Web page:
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Implications of climate change on the distribution of the tick vector Ixodes scapularis and risk for Lyme disease in the Texas-Mexico transboundary region

Overview of attention for article published in Parasites & Vectors, April 2014
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About this Attention Score

  • In the top 25% of all research outputs scored by Altmetric
  • High Attention Score compared to outputs of the same age (89th percentile)

Mentioned by

blogs
1 blog
twitter
8 tweeters
facebook
3 Facebook pages

Citations

dimensions_citation
62 Dimensions

Readers on

mendeley
186 Mendeley
citeulike
1 CiteULike
Title
Implications of climate change on the distribution of the tick vector Ixodes scapularis and risk for Lyme disease in the Texas-Mexico transboundary region
Published in
Parasites & Vectors, April 2014
DOI 10.1186/1756-3305-7-199
Pubmed ID
Authors

Teresa P Feria-Arroyo, Ivan Castro-Arellano, Guadalupe Gordillo-Perez, Ana L Cavazos, Margarita Vargas-Sandoval, Abha Grover, Javier Torres, Raul F Medina, Adalberto A Pérez de León, Maria D Esteve-Gassent

Abstract

Disease risk maps are important tools that help ascertain the likelihood of exposure to specific infectious agents. Understanding how climate change may affect the suitability of habitats for ticks will improve the accuracy of risk maps of tick-borne pathogen transmission in humans and domestic animal populations. Lyme disease (LD) is the most prevalent arthropod borne disease in the US and Europe. The bacterium Borrelia burgdorferi causes LD and it is transmitted to humans and other mammalian hosts through the bite of infected Ixodes ticks. LD risk maps in the transboundary region between the U.S. and Mexico are lacking. Moreover, none of the published studies that evaluated the effect of climate change in the spatial and temporal distribution of I. scapularis have focused on this region.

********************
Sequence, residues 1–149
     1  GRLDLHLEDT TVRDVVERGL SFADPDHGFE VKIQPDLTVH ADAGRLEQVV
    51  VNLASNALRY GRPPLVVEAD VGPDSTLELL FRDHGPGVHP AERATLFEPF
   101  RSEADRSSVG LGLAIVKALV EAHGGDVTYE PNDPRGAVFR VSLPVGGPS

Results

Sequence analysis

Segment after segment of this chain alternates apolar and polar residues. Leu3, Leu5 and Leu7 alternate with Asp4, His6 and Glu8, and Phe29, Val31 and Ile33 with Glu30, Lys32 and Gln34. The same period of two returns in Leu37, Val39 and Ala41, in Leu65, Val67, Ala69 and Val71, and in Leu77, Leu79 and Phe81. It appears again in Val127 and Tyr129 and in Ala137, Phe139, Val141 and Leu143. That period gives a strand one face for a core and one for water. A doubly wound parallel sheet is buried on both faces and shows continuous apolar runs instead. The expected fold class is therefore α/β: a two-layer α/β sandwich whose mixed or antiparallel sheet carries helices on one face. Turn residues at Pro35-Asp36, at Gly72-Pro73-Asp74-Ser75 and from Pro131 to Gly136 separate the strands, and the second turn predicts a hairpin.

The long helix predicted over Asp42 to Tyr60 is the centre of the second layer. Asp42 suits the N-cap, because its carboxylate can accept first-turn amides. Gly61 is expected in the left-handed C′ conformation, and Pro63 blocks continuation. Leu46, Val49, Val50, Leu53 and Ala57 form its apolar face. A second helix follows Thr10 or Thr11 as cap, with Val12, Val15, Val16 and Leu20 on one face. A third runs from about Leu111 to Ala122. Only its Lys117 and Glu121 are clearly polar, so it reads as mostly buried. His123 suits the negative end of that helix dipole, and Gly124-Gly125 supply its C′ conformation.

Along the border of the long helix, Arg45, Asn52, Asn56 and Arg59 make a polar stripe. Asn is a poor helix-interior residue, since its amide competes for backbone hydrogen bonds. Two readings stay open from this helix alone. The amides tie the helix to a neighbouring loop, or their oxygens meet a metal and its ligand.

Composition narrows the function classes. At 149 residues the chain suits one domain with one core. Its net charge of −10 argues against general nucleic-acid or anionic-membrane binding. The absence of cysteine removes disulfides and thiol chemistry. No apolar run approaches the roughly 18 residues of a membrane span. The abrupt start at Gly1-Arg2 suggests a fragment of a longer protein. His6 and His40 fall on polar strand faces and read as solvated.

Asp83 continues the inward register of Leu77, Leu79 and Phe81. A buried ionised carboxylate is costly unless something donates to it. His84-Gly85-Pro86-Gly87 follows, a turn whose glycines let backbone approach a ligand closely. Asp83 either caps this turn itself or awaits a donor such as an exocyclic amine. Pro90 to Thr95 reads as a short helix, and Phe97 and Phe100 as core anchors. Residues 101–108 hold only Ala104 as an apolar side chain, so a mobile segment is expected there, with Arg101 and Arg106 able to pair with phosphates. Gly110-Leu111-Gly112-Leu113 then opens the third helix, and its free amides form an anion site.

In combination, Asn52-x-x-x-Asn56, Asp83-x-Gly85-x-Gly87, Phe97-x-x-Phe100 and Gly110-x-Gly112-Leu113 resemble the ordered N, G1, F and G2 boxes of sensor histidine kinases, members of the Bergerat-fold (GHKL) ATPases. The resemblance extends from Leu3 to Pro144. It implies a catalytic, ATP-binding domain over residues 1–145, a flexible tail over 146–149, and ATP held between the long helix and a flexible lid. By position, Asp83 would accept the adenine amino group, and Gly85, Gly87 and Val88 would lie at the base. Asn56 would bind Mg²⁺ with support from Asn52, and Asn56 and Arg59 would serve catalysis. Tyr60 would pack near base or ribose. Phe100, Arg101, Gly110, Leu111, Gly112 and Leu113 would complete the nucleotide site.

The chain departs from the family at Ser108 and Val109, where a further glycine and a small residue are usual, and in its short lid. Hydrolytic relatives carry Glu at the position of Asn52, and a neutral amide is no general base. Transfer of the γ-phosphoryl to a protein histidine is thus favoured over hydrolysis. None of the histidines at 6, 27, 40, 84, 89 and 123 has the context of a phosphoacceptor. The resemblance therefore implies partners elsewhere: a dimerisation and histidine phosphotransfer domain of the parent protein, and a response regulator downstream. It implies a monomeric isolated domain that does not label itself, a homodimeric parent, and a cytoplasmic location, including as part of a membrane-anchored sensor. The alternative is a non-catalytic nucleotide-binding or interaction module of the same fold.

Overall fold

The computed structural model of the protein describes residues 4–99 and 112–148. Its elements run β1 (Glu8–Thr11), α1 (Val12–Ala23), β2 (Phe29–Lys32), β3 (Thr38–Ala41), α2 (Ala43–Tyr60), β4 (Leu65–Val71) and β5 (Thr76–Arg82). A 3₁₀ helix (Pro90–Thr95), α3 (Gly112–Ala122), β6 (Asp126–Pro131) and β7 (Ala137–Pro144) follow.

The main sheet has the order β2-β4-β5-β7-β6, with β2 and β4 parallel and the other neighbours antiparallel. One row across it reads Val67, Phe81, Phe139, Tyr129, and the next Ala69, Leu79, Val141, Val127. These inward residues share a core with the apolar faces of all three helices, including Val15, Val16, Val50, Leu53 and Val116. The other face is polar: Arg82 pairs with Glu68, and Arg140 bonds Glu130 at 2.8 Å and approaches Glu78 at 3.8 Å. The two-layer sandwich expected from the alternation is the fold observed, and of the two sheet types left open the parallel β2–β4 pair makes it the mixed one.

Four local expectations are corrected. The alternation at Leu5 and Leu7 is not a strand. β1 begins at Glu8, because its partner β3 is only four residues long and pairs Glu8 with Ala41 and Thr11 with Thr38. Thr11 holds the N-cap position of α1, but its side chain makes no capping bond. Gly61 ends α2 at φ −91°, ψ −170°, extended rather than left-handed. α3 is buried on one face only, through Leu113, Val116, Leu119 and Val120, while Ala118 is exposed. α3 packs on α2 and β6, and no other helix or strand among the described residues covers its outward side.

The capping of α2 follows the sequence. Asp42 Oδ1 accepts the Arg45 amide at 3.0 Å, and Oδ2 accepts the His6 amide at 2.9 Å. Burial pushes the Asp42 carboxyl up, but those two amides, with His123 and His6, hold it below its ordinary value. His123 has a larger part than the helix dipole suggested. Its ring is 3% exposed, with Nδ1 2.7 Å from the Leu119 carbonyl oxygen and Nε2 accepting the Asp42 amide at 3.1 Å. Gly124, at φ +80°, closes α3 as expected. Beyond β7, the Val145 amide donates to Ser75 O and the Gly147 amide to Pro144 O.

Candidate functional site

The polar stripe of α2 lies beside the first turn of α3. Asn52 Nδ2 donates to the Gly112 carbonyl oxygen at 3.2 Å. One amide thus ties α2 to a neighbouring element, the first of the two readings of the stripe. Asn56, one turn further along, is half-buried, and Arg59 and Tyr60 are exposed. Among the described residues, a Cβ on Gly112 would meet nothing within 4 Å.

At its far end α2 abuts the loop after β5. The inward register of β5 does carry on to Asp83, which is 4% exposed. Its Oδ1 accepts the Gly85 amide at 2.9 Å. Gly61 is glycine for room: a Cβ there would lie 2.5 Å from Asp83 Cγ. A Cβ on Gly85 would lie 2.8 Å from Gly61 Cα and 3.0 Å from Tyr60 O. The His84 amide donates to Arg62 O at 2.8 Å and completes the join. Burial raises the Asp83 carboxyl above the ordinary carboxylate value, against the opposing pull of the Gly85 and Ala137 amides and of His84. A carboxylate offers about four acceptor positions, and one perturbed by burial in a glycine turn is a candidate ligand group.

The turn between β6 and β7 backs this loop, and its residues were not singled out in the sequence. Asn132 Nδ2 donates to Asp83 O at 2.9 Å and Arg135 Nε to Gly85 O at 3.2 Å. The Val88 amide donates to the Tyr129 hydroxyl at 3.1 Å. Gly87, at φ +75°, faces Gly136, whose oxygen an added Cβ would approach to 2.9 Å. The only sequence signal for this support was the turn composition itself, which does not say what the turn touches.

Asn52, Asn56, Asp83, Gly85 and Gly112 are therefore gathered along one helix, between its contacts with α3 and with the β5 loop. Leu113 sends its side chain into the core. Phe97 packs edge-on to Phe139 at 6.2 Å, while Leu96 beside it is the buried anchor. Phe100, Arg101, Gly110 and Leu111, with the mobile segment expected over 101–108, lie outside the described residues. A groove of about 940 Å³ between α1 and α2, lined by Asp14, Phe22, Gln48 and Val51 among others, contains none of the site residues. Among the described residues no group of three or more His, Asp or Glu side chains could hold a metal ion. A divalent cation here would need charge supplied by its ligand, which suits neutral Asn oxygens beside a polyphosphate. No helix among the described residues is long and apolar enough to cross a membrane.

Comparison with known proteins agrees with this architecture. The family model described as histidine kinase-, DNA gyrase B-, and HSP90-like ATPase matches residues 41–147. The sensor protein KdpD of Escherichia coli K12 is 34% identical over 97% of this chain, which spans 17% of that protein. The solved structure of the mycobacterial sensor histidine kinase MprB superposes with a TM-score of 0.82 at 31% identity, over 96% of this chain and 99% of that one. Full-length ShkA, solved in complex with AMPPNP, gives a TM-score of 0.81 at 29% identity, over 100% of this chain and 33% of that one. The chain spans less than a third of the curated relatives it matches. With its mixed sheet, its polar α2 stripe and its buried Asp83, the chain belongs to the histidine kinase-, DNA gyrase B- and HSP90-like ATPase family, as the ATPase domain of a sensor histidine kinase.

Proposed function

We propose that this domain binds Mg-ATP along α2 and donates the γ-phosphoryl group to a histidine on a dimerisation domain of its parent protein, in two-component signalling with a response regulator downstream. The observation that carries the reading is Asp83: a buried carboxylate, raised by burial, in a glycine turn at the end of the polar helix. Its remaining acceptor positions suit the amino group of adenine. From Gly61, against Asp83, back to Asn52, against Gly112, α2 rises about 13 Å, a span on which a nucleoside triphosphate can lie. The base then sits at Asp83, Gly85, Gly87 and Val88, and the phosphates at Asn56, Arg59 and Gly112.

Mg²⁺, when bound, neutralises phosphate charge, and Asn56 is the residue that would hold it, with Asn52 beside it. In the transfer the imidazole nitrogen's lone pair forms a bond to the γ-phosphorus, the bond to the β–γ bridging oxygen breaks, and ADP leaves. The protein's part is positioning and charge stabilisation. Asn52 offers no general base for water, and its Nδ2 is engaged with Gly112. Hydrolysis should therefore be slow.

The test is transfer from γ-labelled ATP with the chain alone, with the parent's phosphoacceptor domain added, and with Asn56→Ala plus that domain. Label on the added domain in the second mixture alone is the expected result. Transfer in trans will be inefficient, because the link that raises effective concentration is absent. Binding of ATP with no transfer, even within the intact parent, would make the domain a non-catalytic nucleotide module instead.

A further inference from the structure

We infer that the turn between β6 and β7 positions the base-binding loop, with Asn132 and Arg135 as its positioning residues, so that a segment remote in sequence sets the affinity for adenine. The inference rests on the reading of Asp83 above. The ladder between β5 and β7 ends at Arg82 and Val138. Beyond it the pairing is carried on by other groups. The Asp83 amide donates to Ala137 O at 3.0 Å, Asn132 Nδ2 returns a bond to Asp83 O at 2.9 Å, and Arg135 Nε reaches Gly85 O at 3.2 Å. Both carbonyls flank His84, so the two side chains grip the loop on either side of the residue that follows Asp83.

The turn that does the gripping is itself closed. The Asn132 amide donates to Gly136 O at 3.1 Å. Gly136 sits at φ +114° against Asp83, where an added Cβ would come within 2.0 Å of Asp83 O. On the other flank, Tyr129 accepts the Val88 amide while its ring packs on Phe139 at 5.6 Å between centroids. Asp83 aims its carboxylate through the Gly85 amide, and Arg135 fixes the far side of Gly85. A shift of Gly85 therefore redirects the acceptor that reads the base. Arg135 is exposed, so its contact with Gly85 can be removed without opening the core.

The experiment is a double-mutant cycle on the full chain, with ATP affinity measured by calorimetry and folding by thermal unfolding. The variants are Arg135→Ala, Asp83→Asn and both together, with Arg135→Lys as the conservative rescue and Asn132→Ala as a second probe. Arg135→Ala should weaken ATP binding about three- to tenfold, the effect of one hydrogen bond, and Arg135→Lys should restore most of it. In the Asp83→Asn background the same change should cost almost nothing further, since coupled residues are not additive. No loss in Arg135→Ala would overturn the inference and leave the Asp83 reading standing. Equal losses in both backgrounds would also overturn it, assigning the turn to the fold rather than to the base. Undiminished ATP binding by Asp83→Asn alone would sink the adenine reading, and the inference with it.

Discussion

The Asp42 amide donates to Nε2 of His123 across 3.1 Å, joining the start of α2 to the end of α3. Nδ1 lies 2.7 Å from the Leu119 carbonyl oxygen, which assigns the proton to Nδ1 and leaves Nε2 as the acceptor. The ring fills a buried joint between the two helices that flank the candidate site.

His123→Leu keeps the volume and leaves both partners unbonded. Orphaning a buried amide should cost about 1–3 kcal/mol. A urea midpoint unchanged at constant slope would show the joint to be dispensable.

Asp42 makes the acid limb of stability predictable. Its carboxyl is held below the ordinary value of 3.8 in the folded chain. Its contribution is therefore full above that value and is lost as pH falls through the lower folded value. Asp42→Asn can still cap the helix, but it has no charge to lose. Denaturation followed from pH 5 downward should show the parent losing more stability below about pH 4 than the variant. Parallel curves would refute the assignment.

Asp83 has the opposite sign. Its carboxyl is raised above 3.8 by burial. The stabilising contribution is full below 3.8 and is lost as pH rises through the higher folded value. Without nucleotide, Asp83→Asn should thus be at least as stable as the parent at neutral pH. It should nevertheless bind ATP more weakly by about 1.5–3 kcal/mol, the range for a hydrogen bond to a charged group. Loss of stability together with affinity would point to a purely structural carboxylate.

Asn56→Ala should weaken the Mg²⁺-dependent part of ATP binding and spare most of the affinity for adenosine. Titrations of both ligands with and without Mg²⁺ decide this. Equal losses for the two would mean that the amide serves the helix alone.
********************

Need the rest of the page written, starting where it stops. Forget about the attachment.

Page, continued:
Twitter Demographics

The data shown below were collected from the profiles of 8 tweeters who shared this research output. Click here to find out more about how the information was compiled.

Mendeley readers

The data shown below were compiled from readership statistics for 186 Mendeley readers of this research output. Click here to see the associated Mendeley record.

Geographical breakdown

Country Count As %
United States 5 3%
United Kingdom 2 1%
Netherlands 1 <1%
Colombia 1 <1%
Unknown 177 95%

Demographic breakdown

Readers by professional status Count As %
Student > Master 34 18%
Researcher 30 16%
Student > Ph. D. Student 26 14%
Student > Bachelor 22 12%
Professor > Associate Professor 8 4%
Other 33 18%
Unknown 33 18%
Readers by discipline Count As %
Agricultural and Biological Sciences 51 27%
Medicine and Dentistry 23 12%
Veterinary Science and Veterinary Medicine 17 9%
Environmental Science 13 7%
Social Sciences 8 4%
Other 34 18%
Unknown 40 22%

Attention Score in Context

This research output has an Altmetric Attention Score of 14. This is our high-level measure of the quality and quantity of online attention that it has received. This Attention Score, as well as the ranking and number of research outputs shown below, was calculated when the research output was last mentioned on 09 December 2018.
All research outputs
#1,645,141
of 17,358,590 outputs
Outputs from Parasites & Vectors
#306
of 4,554 outputs
Outputs of similar age
#20,510
of 196,858 outputs
Outputs of similar age from Parasites & Vectors
#1
of 1 outputs
Altmetric has tracked 17,358,590 research outputs across all sources so far. Compared to these this one has done particularly well and is in the 90th percentile: it's in the top 10% of all research outputs ever tracked by Altmetric.
So far Altmetric has tracked 4,554 research outputs from this source. They receive a mean Attention Score of 5.0. This one has done particularly well, scoring higher than 93% of its peers.
Older research outputs will score higher simply because they've had more time to accumulate mentions. To account for age we can compare this Altmetric Attention Score to the 196,858 tracked outputs that were published within six weeks on either side of this one in any source. This one has done well, scoring higher than 89% of its contemporaries.
We're also able to compare this research output to 1 others from the same source and published within six weeks on either side of this one. This one has scored higher than all of them